The earth and vegetation give Toraja coffee a distinct full-bodied caramel flavor, which is widely sought after by coffee connoisseurs
One of the most famous types of coffee grown in Indonesia is from the highlands of Toraja. Located 1,500 meters above sea level, Toraja is an ideal place to cultivate coffee producing some of the best beans in Indonesia. The earth and vegetation give Toraja coffee a distinct full-bodied caramel flavor, which is widely sought after by coffee connoisseurs. Indulge yourself in the quint essential of Toraja Arabica coffee. Sip it while fixing your sights on the breathtaking views as the heights of Toraja seemed to stand proud in perfect composition with its surroundings. With all its astounding qualities, no wonder Toraja coffee has the “Black Gold” stamped on its back.
Coffee war was an epic battle started when the Buginese tried to conquer Toraja in the 1890s, solely triggered by the highly valued coffee trade
The Dutch Governor of Batavia was the first person to bring coffee to Indonesia. Arabica seed were brought to Indonesia by boat from Sri Lanka in 1696. The first commercial crop consisting of 2000 pounds of coffee was shipped out of Batavia in 1717.
Coffee was brought to Toraja in the 1850’s. The arrival of rust disease in 1876, which devastated many of the large coffee plantations on Java, helped to increase the uptake of coffee planting in Toraja by small independent farmers. Like any other valuable treasures, Toraja coffee sparked up feuds between noblemen in the past. Coffee war was an epic battle started when the Buginese tried to conquer Toraja in the 1890s, solely triggered by the highly valued coffee trade.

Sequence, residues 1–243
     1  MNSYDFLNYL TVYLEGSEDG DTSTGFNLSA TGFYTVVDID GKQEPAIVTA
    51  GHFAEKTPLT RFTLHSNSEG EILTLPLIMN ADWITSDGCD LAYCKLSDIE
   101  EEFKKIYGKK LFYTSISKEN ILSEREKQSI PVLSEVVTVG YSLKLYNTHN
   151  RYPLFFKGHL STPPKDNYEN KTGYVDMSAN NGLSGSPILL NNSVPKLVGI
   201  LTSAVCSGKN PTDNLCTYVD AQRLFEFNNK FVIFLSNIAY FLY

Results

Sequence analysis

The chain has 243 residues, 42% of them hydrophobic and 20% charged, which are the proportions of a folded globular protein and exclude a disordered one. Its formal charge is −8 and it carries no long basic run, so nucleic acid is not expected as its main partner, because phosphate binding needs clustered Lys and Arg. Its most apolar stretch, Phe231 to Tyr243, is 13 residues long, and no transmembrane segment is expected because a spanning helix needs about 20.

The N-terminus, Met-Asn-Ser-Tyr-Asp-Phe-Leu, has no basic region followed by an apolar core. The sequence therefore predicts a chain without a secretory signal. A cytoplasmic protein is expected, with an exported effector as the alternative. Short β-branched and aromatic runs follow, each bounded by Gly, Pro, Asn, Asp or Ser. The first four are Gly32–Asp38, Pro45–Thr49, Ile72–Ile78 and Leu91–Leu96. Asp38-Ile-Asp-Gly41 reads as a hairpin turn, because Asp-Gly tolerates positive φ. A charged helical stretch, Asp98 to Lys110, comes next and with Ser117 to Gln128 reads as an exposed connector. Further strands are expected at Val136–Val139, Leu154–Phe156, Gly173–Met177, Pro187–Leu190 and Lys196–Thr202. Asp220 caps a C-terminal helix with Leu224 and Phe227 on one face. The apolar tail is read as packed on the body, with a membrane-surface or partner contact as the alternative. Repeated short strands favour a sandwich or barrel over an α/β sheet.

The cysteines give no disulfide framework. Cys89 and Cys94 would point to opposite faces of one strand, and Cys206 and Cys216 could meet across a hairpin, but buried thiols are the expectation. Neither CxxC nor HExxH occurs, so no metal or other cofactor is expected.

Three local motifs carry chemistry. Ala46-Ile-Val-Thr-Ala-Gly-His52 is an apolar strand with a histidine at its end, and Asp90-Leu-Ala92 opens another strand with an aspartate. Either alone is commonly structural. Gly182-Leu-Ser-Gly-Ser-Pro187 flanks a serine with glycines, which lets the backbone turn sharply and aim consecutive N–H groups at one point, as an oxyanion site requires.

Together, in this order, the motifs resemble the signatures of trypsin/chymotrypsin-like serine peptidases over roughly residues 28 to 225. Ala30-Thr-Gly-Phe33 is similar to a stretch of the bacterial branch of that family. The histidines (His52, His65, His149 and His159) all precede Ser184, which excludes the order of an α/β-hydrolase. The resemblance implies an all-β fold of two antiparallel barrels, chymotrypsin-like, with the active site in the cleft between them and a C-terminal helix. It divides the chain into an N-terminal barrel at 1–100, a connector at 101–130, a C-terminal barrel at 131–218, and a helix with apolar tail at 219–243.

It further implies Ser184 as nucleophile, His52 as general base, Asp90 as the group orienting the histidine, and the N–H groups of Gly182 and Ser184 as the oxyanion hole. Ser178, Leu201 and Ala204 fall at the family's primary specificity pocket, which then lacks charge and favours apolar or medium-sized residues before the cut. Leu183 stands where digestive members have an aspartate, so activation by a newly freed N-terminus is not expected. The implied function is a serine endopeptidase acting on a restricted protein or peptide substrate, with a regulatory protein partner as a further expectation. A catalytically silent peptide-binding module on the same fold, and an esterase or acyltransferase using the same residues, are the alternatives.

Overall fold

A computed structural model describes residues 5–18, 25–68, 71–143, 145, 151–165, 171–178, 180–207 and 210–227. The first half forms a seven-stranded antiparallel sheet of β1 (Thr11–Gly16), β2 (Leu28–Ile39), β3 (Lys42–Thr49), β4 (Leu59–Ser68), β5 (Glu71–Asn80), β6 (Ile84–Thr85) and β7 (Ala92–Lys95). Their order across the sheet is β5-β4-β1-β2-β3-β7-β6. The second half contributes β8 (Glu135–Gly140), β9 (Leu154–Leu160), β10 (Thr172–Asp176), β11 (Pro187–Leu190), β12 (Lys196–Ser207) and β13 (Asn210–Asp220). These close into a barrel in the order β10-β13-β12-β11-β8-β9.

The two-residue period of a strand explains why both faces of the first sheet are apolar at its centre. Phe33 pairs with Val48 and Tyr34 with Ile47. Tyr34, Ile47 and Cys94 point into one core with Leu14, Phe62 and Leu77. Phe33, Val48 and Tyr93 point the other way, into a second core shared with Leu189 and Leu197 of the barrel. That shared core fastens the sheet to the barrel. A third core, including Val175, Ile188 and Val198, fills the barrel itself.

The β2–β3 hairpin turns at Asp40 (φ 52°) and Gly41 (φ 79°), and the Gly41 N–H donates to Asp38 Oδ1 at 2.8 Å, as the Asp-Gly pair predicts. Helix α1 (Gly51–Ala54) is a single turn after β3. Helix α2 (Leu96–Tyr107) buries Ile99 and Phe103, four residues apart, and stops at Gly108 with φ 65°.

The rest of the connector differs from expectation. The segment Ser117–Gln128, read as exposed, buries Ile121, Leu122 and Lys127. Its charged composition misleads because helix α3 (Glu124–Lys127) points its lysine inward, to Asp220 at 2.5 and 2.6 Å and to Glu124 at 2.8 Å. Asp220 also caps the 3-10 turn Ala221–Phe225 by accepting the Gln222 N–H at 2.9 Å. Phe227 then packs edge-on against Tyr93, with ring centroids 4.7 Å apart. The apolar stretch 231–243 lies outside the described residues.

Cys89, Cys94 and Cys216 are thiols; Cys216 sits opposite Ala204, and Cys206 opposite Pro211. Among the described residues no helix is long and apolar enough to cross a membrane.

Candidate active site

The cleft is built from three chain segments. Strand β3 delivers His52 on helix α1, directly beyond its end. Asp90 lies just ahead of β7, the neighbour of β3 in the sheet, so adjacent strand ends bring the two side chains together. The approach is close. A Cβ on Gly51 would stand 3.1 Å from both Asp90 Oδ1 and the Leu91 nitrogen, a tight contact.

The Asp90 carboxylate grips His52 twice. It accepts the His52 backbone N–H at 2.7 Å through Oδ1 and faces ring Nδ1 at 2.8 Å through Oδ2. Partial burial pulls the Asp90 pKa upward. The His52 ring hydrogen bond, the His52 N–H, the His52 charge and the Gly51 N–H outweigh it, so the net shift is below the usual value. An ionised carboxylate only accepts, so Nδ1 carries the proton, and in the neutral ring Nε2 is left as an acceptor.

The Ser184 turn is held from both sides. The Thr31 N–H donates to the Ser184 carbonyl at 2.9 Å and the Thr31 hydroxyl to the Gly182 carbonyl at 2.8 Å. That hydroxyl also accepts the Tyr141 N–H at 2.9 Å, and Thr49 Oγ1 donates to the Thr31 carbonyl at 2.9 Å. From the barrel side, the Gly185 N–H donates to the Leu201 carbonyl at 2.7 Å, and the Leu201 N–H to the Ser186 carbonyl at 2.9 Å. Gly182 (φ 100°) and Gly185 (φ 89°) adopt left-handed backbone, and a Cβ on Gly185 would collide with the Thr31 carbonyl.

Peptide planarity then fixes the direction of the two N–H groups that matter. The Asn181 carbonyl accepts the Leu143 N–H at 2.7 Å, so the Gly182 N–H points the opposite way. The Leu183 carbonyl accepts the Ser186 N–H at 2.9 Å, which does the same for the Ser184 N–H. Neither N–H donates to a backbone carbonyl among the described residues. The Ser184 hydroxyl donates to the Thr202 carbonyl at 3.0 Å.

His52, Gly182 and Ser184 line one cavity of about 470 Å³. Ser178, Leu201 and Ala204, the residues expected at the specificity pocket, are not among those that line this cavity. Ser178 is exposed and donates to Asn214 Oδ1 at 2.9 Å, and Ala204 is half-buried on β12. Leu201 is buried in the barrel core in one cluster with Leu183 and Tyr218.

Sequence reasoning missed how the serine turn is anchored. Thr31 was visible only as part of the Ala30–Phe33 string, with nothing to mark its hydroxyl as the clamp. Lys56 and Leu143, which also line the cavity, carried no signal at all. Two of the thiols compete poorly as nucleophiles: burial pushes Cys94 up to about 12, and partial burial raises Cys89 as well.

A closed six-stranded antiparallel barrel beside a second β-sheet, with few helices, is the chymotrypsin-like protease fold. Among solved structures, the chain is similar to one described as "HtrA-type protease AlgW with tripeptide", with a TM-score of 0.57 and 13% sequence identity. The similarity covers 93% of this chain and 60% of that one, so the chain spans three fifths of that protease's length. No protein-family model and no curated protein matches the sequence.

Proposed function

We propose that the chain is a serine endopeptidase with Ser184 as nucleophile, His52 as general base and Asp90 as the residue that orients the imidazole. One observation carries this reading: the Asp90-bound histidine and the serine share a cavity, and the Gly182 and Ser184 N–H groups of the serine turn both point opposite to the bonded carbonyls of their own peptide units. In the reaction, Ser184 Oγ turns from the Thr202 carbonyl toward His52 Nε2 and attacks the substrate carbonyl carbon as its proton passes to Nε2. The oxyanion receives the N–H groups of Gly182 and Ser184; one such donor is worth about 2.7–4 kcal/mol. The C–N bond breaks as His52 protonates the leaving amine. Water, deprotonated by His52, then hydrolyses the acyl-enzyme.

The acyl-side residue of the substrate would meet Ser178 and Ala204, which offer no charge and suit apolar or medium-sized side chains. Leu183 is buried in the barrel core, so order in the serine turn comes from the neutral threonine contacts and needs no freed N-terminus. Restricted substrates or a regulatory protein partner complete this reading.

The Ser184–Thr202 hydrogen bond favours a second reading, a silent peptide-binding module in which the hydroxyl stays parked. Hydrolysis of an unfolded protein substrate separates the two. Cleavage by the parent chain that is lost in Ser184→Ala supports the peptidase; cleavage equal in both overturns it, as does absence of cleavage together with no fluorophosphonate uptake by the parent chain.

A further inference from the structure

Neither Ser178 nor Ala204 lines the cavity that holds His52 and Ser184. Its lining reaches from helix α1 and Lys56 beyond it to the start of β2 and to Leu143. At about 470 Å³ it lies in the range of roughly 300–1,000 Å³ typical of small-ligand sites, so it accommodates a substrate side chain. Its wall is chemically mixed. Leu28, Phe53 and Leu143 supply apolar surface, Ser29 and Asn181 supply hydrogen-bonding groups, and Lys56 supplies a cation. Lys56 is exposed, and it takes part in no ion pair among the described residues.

When the first coffee crop left Indonesia the value of a price of a kilogram of coffee was several hundred dollars. It was a luxury good that was out of the reach of common people. The only people who could afford coffee were nobles and rich merchants. In 2014 Indonesia was the third largest producer of coffee in the world, producing over 540,000 metric tons and coffee had become one of the most popular commodity crops in the world.
The fact has landed Toraja coffee under the Geographical Indication Protection (GI) for its flavors so distinct that equals it to none in the world
Today most of the coffee produced in Toraja is still grown by independent smallholders with about 5% coming from seven larger estates. As a result of the mountainous terrain coffee yields from Toraja are relatively low at around 300 kilos per hectare. The coffee from the region is still picked and sorted by hand ensuring a high-quality coffee.
The small capacity for coffee production combined with the quality of the coffee beans makes Toraja coffee some of the most sought after in the world. What makes the taste so invigorating is the complex algorithms embedded within the atmosphere of Toraja as a geographical standpoint, creating an environment that produces the perfect Arabica coffee. The fact has landed Toraja coffee under the Geographical Indication Protection (GI) for its flavors so distinct that equals it to none in the world. Yet the best place to sample coffee from Toraja will always be in the highlands where it is.